“I avoided trading. I didn’t own (nor do I own) any pot stocks. I don’t own gold. I don’t own any crypto. I don’t own any disruptive ARK funds managed by famous money manager Cathie Wood. Heck, I don’t even own any bonds. ” Love this. Success is more about what we don’t do than what we do.
    All the best for 2022. If dividend stocks do half as well as they did in 2021, we’ll all still be smiling.

    Reply
    1. Yes, quite a year. No doubt you had similar returns Matt given your focus on CDN dividend payers and BTSX.

      I enjoyed your last post. Dividends are juicy and fun at times but certainly never guaranteed. I’ve written about that extensively and I still own a few stocks (e.g., SU) even after their dividend cut since it can be very responsible for management to cut a dividend – for overall financial health. Folks need to remember that dividends and growing dividends are great for total returns but total returns do matter very much at the end of the day…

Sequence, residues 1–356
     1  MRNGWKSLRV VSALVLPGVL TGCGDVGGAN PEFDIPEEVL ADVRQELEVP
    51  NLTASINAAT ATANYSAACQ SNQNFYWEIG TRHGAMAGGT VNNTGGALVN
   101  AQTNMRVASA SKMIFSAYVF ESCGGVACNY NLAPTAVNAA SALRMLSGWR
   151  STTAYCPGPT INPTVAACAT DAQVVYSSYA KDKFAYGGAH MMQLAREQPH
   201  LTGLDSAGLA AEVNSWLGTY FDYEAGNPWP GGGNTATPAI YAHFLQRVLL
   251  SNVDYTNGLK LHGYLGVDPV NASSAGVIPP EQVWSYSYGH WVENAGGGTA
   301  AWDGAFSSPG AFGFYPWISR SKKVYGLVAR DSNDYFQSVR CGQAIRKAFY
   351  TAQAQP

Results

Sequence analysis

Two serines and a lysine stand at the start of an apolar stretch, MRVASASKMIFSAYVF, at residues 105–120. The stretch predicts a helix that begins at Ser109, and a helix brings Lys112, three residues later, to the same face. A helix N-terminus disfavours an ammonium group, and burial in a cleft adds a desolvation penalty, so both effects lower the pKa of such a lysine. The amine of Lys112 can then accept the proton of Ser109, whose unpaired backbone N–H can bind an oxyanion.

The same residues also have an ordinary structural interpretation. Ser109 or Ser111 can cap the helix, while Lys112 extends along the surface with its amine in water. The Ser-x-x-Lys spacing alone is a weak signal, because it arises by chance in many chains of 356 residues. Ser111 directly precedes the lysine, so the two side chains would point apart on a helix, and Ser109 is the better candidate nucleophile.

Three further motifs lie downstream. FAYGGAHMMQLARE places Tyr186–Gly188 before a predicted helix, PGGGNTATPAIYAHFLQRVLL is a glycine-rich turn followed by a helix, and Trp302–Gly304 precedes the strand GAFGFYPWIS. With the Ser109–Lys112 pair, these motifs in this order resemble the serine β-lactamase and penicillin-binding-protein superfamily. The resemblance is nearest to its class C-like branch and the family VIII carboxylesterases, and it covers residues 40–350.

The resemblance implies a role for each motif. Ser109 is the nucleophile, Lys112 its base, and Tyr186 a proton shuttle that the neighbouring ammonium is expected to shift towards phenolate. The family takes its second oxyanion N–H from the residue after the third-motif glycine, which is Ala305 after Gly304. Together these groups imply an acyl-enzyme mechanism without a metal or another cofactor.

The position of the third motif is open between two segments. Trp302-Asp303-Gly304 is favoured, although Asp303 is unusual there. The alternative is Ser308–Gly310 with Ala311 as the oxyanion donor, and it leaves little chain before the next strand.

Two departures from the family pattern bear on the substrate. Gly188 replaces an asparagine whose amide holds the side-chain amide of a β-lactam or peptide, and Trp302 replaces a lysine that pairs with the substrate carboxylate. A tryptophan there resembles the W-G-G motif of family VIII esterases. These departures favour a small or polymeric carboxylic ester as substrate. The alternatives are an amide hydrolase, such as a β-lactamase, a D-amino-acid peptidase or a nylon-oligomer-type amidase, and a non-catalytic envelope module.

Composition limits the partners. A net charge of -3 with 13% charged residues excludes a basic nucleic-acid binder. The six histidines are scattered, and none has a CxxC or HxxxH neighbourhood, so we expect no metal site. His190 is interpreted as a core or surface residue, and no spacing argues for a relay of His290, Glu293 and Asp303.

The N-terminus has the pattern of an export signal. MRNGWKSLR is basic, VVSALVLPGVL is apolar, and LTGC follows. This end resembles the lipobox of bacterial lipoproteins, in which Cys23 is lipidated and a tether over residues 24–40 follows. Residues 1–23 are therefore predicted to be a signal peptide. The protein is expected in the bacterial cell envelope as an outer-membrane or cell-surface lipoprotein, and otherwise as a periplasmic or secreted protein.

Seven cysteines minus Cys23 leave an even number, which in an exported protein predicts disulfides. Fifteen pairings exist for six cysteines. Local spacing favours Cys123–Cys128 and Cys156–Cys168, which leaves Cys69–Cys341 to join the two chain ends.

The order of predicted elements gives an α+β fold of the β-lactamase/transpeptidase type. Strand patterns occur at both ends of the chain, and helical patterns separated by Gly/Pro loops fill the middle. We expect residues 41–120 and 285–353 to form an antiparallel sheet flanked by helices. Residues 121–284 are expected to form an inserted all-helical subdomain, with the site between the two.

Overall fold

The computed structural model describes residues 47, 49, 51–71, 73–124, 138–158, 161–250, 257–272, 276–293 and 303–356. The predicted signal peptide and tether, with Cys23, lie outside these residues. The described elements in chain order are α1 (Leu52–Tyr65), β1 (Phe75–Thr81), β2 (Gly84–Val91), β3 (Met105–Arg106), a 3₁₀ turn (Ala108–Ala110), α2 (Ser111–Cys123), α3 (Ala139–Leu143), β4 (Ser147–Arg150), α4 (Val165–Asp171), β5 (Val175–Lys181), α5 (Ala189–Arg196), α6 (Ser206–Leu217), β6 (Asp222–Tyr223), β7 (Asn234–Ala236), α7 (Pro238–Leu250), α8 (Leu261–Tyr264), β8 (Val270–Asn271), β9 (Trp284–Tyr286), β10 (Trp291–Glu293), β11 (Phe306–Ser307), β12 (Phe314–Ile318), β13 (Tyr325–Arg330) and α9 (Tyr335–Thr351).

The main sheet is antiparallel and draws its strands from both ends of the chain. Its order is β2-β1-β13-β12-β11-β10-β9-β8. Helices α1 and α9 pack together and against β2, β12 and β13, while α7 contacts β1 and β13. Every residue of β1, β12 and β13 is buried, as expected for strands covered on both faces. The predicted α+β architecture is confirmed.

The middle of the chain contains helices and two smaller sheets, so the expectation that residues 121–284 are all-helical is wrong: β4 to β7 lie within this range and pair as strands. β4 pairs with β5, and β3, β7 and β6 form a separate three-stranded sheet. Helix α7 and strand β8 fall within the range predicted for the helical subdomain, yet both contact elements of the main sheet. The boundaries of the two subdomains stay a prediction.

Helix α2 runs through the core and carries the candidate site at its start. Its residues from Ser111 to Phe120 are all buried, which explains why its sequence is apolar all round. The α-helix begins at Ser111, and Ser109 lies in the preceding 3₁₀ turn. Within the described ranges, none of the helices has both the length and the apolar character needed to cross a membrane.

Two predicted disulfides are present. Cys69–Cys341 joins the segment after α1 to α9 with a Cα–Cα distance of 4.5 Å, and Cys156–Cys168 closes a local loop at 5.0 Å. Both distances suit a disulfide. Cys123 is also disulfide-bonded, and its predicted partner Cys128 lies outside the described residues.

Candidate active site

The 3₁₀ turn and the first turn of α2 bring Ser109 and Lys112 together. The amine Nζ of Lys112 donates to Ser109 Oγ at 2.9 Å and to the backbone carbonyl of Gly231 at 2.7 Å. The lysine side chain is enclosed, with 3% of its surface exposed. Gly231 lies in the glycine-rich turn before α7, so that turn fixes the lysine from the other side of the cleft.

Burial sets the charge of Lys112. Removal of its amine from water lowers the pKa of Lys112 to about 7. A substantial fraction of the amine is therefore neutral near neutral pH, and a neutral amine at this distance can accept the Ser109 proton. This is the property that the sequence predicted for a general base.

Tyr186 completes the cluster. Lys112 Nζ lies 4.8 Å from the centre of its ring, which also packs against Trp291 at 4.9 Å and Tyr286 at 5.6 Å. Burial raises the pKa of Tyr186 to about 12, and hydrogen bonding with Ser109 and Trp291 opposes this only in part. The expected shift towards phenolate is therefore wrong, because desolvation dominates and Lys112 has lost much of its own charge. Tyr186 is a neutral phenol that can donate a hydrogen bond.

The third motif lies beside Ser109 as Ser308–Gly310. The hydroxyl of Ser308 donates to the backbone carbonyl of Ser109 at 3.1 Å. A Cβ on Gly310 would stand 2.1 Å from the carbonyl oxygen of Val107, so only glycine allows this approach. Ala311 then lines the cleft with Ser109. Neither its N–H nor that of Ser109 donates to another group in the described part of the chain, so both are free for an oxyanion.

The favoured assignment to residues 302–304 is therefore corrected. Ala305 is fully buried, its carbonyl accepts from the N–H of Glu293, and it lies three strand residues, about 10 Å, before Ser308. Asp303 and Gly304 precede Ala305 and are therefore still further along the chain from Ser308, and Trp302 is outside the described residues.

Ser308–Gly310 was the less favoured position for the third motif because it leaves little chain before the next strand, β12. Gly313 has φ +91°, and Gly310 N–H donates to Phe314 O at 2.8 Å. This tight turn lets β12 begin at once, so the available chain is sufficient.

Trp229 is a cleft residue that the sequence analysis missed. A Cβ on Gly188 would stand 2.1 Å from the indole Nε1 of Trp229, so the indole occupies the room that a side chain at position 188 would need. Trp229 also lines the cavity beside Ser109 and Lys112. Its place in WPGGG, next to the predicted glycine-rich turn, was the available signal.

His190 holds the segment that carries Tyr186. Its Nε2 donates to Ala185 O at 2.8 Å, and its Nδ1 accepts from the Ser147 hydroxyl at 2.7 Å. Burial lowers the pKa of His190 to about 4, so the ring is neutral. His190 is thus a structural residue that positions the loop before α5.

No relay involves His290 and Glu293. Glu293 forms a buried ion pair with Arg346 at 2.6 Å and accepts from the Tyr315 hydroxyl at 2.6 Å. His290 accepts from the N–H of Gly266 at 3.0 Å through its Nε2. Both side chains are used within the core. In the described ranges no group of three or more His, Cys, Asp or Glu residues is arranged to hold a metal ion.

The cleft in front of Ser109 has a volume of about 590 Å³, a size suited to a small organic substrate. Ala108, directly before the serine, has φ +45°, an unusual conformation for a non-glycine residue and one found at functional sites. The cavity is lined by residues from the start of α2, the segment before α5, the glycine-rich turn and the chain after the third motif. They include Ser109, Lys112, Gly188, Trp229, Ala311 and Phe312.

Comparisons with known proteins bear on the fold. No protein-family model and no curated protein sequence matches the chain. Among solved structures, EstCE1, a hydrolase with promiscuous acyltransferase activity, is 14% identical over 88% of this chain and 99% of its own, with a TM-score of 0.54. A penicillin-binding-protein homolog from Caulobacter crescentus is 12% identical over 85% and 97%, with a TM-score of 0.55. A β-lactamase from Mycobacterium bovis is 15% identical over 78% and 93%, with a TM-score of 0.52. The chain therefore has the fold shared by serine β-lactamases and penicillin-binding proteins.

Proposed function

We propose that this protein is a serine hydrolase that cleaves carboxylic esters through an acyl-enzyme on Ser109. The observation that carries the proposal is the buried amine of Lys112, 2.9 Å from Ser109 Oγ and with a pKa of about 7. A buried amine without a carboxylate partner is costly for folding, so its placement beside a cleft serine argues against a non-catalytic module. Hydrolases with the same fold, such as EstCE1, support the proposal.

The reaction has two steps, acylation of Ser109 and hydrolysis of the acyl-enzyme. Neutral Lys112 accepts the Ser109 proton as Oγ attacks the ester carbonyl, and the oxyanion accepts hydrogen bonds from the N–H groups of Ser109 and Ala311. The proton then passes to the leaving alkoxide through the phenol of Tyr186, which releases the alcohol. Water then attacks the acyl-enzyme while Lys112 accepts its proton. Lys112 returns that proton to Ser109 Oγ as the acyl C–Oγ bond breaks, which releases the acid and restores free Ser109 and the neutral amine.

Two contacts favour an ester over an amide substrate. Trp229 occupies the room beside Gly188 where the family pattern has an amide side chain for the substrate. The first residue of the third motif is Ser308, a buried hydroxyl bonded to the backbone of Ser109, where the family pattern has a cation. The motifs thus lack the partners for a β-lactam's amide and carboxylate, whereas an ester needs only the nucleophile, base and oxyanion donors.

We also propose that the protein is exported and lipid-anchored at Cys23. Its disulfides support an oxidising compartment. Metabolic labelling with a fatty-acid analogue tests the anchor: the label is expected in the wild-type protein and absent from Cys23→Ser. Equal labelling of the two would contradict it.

Yes, I try and avoid getting in my own way most days Matt – seems to work well when it comes to investing 🙂

      Happy 2022 to you and family and stay in touch often.
      Mark

      Reply
  7. Great numbers Mark, congratulations!! As you know, our plan is somewhat similar to yours, with a mix of dividend-paying stocks and ETFs. Thanks for sharing the dividends, and I am looking forward to reading your posts, and witnessing your success.

    Cheers!

    Reply
    1. Hey Gean!

      Great to hear from you and I see you and Kristine have been busy on YouTube! Nice stuff. Yes, I’ve long since been a fan of owning CDN stocks directly (the dividend payers mostly) and some U.S. stocks, but just a few, and as I get closer to semi-retirement to be more lazy and also get some growth, I do own ETFs like VTI, QQQ for the U.S. market and then some XAW for some “everything else”.

      Returns were bonkers in 2021:
      VTI was up just shy of 26% in 2021. I recall you own ITOT and that was almost right on 26% too (25.99%).
      QQQ up closer to 28%.
      XAW up about 20% but lower since emerging markets and other markets didn’t fare well. Ha, can’t complain about 20%!!

      Thanks for following along of course and I’m sure we’ll be in touch in 2022 🙂

      Best wishes to you as your FIRE journey goals draw near.
      Mark

      Reply